"The issue should be on developing the boys' character and all the things scouting has stood for for 90 years."

 

 

Paul Kramer

 

 

 

 

And the Scouts and their supporters have fought back. In Florida, the Scouts sued some of the school districts that kicked them out, claiming that school officials denied them their right to free expression and equal access to public facilities. Elsewhere, parents have vowed boycotts of companies and organizations that withhold funding.

 

Lockshin said that while the Reform movement's protest will affect Jewish Scouts, it will not impact the organization as a whole because "one quarter of 1 percent of kids in scouting are Jews." While there are about 35,000 Jewish scouts affiliated with non-Jewish troops, about 8,000 kids belong to troops affiliated with synagogues or Jewish organizations.

 

The fear is that boys will miss out if those congregations end their relationships.

 

"They'll go to a troop somewhere else, and it might not be a Jewish-affiliated troop. I think that is a loss," said Paul Kramer, a Baltimore attorney who serves on the local, regional and national Jewish Committee on Scouting. "The issue should be on developing the boys' character and all the things scouting has stood for for 90 years."

 

But enforcement of the recommendations remains to be seen, as Polish noted that they are just guidelines.

 

"Every congregation is free in the end to weigh these issues as it chooses and come to the decision it wants, as is every parent," he said. "If a parent feels very strongly that they want their child to be in scouting, that is their decision."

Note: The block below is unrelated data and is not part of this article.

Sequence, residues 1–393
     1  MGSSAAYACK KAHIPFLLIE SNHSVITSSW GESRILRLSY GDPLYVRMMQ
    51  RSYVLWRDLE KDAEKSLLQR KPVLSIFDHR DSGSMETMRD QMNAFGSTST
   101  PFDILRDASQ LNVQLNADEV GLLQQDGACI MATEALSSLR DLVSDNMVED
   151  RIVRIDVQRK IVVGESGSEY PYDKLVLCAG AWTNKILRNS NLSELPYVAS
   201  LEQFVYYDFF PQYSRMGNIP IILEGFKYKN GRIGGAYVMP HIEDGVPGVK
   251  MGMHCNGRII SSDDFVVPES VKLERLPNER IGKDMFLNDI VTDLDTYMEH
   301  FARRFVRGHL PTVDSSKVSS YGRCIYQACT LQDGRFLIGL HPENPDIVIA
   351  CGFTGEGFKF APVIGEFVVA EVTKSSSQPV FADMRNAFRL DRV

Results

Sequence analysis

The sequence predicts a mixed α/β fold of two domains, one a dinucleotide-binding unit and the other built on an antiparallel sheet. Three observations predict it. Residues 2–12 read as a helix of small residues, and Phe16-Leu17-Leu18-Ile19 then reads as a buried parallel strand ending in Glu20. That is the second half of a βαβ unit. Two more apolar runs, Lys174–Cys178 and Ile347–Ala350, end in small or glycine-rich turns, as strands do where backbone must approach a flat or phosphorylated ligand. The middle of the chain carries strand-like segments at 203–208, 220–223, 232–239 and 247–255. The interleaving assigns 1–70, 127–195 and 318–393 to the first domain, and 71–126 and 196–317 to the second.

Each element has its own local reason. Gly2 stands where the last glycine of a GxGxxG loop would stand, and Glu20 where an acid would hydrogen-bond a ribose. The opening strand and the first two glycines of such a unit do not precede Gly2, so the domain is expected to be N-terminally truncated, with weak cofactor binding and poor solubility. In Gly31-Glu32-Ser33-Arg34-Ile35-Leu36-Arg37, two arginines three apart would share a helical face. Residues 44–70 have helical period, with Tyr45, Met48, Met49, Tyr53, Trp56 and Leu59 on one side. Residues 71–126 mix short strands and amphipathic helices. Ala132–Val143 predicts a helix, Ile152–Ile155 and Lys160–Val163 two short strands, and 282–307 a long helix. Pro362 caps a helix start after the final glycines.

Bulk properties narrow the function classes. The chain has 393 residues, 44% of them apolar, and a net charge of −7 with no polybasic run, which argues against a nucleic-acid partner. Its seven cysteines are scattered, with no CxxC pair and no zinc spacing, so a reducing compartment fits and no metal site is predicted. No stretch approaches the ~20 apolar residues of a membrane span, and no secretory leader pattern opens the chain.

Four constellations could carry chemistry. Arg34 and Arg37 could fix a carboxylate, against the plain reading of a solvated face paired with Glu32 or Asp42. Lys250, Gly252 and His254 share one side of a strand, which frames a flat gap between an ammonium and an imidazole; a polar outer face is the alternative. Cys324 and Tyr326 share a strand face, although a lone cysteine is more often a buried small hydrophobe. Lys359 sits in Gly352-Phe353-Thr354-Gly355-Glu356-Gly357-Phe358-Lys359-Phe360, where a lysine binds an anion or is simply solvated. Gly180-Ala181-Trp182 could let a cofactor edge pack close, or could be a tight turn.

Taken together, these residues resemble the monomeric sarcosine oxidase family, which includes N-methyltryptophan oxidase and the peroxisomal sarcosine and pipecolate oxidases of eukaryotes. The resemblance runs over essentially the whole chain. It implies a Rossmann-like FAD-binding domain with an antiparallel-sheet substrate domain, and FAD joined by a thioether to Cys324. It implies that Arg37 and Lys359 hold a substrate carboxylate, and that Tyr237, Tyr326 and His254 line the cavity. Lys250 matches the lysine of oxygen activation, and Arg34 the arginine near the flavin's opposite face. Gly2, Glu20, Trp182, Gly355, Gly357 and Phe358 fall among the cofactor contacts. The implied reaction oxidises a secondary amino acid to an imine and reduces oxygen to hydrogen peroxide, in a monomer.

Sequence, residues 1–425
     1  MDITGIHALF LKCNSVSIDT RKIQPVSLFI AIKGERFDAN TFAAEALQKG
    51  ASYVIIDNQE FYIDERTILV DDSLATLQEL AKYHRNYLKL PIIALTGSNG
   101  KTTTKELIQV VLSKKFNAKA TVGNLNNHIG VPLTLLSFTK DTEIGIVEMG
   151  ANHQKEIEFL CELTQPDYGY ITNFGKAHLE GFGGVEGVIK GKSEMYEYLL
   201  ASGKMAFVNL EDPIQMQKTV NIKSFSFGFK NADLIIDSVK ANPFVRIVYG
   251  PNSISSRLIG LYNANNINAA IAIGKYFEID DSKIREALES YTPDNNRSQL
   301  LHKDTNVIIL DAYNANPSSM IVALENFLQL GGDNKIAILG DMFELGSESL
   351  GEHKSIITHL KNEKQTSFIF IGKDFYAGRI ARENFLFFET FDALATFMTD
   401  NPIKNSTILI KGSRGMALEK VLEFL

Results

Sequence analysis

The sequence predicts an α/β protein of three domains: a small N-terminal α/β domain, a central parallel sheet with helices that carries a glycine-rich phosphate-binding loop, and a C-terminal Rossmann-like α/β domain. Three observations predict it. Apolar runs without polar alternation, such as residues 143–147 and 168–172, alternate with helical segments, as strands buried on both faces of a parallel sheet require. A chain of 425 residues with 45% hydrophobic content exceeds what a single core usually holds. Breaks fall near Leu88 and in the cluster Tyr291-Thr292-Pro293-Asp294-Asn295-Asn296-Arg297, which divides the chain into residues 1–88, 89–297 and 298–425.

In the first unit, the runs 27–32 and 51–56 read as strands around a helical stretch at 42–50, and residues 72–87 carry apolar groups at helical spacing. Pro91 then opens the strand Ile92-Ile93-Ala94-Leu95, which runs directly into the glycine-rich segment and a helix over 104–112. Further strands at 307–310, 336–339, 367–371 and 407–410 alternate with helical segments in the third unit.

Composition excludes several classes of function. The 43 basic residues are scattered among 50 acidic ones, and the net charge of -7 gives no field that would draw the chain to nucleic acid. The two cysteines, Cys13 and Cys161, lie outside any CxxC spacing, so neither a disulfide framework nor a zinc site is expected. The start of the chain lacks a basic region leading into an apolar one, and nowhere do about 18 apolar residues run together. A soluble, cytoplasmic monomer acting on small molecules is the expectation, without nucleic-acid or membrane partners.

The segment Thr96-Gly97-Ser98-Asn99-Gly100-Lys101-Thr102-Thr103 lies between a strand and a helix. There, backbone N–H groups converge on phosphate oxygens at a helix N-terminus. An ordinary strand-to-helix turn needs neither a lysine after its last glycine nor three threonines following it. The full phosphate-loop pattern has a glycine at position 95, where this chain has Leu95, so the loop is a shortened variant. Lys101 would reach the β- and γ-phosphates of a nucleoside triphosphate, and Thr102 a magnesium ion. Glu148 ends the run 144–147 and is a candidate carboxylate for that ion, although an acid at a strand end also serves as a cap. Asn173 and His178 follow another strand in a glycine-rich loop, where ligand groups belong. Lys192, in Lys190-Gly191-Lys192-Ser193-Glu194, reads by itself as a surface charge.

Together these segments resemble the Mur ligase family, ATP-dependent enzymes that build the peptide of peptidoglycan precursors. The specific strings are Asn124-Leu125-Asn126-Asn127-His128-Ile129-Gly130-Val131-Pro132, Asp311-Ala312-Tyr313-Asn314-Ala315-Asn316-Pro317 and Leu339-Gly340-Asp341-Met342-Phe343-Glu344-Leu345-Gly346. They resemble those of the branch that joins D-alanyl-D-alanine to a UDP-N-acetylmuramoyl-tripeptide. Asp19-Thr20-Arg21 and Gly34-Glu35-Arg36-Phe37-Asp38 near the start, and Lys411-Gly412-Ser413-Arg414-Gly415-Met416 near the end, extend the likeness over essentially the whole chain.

The Associated Press contributed to this report

 

 

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After I posted this originally on January 11, I discussed it briefly with our unit committee chair at our committee evening that evening. He is an active member of reform jewish synagogue and was very well aware of the controversy. He told me that he was very upset with his local rabbi, who took it upon himself to write letters to all the youth in the synagogue whom he knew to be eagle scouts, telling the youth that they should renounce their eagle awards. Needless to say, our chair, whose son received one of these letters, is not a happy camper. Now I ask you: Who is being intolerant and hostile to whom?

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Of note as well as these on going issues. There is a Scouting Defense Fund being administered by Edwin Meese (Former Attorney General of the U.S.)and many of these issues are being tackled by them. The National Council for Boy Scouts has put there resources behind two efforts; The one was the New Jersey case which the U.S. Supereme Court confirmed BSA's right to association, the other is the issues happening in Broward County in Fla. (The ones that have problems counting).

 

It is very difficult to live in a are where Scouting takes it on the chin as we do here in Wahsington State. What is equally troubling is that many denominations have turned there pias stare at Scouts and now are "judging". We can only do a couple of things, the main one is to vote, and also vote with our feet (and money). I encourage all the volunteers to ensure that there local Coucil is at the front of the media ink war, and are made aware of situations where these insitiuations make these decision.